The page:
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From Legend to Legacy

Whether Harry C. Stutz, creator of the Stutz Bearcat automobile, was aware of this definition or not, there is something very strong and powerful looking about this stately brass era car, the most famous American sports car of its era.

Dream: noun; A visionary scheme; a wild conceit, an idle fancy; a vagary; a reverie applied to an imagery or anticipated state of happiness; as in, “the dream of his youth”.

In 1971, a weekly television series, starring Rod Taylor, aired on CBS.  “Bearcats” was centered on a pair of soldiers of fortune in the American Southwest circa 1914. For the series, Hollywood custom car builder, George Barris, was commissioned to make two authentic replicas of a 1914 Bearcat.  (Barris also made a third car to display at car shows).  For safety and reliability, the replicas had modern engines and running gear.  The pair of replicas used in the show reportedly cost $25,000.  John Boyle owns one of these cars.

Boyle was 16 years old when he saw the first Bearcats television show.  He fell in love with the car and dreamed of owning a true Bearcat 1-day.  The dreams of 16 year olds often have a way of fading.  Over time they forget, or something else captures their fancy, or they convince themselves that it just isn’t possible. In other words, they grow up. But every once in a blue moon, like a dog with a juicy bone, we just can’t shake loose that dream until all the sweet marrow has been extracted.

In 1971 a real Stutz went for $40,000. Young Boyle knew he was out of his league so he bought models (one still resides in his den today), read anything he could find, and kept dreaming.  He dreamed all the way to 1997 when inspiration struck.  Thinking that a replica might be less expensive than a real Stutz, he called Barris’ office and asked if they had any information on the TV Bearcats. He was told they didn’t know their whereabouts. A year later, a friend in the Stutz Club he had joined suggested he call early Stutz expert and restorer, Paul Freehill.

Ironically, 6 months earlier, Freehill had heard from an elderly Philadelphia attorney who was selling off his collection (including one of the Barris cars), and asked if he knew of anyone who wanted it. Freehill told the caller that he didn’t but took his number. It took Freehill several weeks to dig up the number for Boyle who, once in his possession, called immediately.

The car was still available. The owner sent photos and information to Boyle, who sent copies to Hollywood where Barris confirmed it was one of his.  The seller warned it wasn’t mint. The steering box was worn, the tires were bad and the wood wheels were shot. The original paint was flaking from the fenders and the wood dash was cracked with age, but since only three cars of its type existed, Boyle knew it was a now or never decision.  He mailed off a check.

Once in his possession, it was obvious to Boyle that Barris knew how to build a car. The body is formed from 18-gauge steel and mounted on a custom ladder frame. The wheelbase is the correct 120”, however the track is slightly wider than a real Bearcat.... presumably for increased stability and safety.  The brass radiator is interchangeable with a genuine Stutz unit.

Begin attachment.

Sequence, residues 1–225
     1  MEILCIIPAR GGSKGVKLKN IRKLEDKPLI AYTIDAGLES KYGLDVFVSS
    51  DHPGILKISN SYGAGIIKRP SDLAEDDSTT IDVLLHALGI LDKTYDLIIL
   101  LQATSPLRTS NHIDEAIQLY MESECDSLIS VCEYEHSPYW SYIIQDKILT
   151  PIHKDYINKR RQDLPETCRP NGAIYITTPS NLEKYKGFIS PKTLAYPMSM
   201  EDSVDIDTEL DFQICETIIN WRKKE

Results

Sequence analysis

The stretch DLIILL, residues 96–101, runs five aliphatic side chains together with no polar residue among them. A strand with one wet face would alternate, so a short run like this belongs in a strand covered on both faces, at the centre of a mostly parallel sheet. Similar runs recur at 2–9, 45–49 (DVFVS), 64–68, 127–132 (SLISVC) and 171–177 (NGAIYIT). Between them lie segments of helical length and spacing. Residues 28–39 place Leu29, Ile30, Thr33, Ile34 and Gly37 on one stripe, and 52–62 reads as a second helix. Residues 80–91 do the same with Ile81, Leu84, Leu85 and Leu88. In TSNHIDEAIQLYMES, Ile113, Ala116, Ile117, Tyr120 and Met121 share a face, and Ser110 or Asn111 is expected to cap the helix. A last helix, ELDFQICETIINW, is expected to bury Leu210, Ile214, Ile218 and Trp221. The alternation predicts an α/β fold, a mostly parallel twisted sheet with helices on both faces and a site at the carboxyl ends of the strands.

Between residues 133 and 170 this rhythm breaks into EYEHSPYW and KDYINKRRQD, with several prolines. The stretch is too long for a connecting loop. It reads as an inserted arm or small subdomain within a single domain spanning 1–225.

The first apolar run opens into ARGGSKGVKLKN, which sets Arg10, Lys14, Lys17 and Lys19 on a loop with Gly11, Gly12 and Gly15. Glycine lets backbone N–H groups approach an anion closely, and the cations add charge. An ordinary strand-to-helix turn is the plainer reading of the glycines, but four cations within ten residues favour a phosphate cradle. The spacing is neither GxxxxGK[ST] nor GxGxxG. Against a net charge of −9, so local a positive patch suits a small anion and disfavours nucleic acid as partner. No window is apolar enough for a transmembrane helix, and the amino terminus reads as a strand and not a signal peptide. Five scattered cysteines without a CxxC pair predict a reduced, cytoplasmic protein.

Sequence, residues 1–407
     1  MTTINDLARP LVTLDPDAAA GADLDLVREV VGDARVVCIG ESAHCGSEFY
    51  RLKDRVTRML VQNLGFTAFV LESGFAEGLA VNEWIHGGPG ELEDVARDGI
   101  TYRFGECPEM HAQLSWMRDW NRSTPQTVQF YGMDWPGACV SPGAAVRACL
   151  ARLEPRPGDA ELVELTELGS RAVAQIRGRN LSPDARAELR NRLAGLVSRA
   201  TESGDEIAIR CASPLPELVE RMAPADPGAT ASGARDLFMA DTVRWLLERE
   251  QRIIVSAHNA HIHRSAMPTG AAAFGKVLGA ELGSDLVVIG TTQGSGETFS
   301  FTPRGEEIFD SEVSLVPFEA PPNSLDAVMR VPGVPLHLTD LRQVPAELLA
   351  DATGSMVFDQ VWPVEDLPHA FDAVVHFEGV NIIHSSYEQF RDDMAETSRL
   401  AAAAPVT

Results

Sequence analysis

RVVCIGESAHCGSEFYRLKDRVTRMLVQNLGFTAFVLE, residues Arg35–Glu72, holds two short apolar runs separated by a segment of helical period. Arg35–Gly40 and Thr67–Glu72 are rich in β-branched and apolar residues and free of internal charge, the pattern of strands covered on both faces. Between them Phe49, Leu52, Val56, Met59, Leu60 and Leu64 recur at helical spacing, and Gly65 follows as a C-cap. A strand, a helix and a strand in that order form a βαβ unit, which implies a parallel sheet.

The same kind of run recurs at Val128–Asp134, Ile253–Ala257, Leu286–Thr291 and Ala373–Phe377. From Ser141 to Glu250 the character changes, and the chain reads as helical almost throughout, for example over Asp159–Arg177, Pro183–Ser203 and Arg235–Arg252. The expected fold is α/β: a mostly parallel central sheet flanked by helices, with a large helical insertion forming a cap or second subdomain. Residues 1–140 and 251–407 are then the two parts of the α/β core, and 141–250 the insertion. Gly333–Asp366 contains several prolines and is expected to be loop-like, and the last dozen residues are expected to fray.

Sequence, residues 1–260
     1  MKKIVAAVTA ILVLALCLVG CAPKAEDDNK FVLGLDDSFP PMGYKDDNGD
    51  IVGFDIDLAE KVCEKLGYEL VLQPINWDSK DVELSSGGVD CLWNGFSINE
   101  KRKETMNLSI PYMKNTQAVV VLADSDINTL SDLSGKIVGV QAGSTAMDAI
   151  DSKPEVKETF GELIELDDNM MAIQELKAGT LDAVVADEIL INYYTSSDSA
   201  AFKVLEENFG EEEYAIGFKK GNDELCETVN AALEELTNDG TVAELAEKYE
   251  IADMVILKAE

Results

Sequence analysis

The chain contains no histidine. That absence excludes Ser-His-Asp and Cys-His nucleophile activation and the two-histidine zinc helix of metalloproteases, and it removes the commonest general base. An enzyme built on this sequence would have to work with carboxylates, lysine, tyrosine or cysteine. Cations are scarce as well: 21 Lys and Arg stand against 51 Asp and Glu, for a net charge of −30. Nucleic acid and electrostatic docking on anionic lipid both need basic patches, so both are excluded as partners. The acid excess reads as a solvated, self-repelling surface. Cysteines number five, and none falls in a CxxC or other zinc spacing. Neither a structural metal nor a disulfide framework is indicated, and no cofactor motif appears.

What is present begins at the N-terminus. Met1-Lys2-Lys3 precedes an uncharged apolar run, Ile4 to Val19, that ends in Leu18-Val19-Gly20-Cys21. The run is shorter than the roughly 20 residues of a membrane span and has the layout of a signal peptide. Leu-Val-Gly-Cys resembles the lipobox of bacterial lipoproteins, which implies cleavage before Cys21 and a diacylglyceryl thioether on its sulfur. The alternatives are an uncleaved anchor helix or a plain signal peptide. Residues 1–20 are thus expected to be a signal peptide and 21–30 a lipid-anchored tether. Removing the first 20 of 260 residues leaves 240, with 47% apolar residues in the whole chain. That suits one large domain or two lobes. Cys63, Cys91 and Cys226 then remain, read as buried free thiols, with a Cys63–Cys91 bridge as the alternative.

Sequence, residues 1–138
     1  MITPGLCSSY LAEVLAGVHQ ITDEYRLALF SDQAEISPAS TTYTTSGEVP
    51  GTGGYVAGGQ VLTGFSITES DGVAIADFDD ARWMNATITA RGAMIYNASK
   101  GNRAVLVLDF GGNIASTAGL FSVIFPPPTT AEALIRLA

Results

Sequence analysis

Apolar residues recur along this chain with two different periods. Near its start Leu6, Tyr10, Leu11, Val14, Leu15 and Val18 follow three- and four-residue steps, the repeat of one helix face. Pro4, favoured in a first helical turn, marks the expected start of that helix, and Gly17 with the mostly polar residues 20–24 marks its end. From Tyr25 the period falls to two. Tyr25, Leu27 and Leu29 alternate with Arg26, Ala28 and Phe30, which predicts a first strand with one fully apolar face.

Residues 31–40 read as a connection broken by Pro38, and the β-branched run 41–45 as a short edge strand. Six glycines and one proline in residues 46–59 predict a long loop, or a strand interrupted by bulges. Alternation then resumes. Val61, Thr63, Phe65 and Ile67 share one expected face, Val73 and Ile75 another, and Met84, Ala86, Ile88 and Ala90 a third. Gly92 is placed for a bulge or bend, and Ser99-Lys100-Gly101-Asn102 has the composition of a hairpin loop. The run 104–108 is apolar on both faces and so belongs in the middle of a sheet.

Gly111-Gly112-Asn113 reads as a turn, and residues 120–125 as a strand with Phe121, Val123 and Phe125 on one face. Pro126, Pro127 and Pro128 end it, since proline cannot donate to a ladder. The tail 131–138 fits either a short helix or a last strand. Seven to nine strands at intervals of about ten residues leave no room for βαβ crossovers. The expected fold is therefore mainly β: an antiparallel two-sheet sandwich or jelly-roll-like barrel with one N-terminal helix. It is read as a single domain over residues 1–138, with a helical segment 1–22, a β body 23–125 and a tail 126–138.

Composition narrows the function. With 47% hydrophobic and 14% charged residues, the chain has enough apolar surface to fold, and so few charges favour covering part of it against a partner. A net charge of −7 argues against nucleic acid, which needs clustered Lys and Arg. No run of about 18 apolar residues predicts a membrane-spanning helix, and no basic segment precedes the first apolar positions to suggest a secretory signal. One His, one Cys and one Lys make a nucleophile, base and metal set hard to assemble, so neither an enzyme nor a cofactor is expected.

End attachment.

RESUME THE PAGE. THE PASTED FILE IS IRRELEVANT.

The car was built with a freshly rebuilt Ford 223 ci straight 6 and a 4-speed which was like new - not a big surprise since the broken odometer read just 390 miles.  Modern features for its TV role included adjustable air shocks in the rear, and four-wheel brakes with a valve to allow the rear drums to be shut off, enabling the car to fishtail in chase scenes.

It appeared that while the car was mechanically sound, the body needed a complete restoration.  The radiator cap, Motometer, toolbox, and horn were missing. The original taillight had been replaced with a stalk from a ‘40 Chevy, and to add insult to injury, the sidelights, spotlight and steering column had been painted flat black... with a brush. Clearly, there was a lot of work to do. While Boyle became the “general contractor”, Charlie Bucher, a friend, Jeep restoration expert and retired Air Force Master Sergeant, handled the reassembly.

Externally there is not much difference between the real and the replica Bearcat.  Boyle’s car has the same 120” wheelbase; however, the track is about 6” wider (about the width of the two frame rails). The extra width can be noticed if you compare the two head on. On the Barris cars there is a 3” flat portion of the inside fender before it begins its upslant.  Most old car observers are impressed by the front and rear leaf spring hangers. The replica chassis really looks the part. Other than that, the two brake/gearshift levers and their grate on the real Stutz are considerably beefier.  The replica car has a centrally mounted stick shift for the Ford 4-speed and modern gauges.  It also sports a different headlight mounting bracket.  Other than those changes, Barris did a very good job of capturing the look of the 1912-1916 Bearcats.

Mechanically, it’s another story.  They are totally different cars.  The original Stutz had a Wisconsin T-head 4-cylinder engine of 390 ci that put out about 60 hp @ 1500 rpm.  Transmission was a 3-speed. (Beginning in 1914 a 6 was optional for an additional $200).  Brakes were on the rear wheel only. Boyle’s car has the 223 ci Ford straight 6 which puts out about 135 hp @ 4000 rpm.  It has a heavy duty Ford 4-speed, with a very low “granny gear” first.  It’s mated to a Ford 9” rear end.  Brakes are on all 4 wheels. The front drums were painted black to help hide them from the cameras.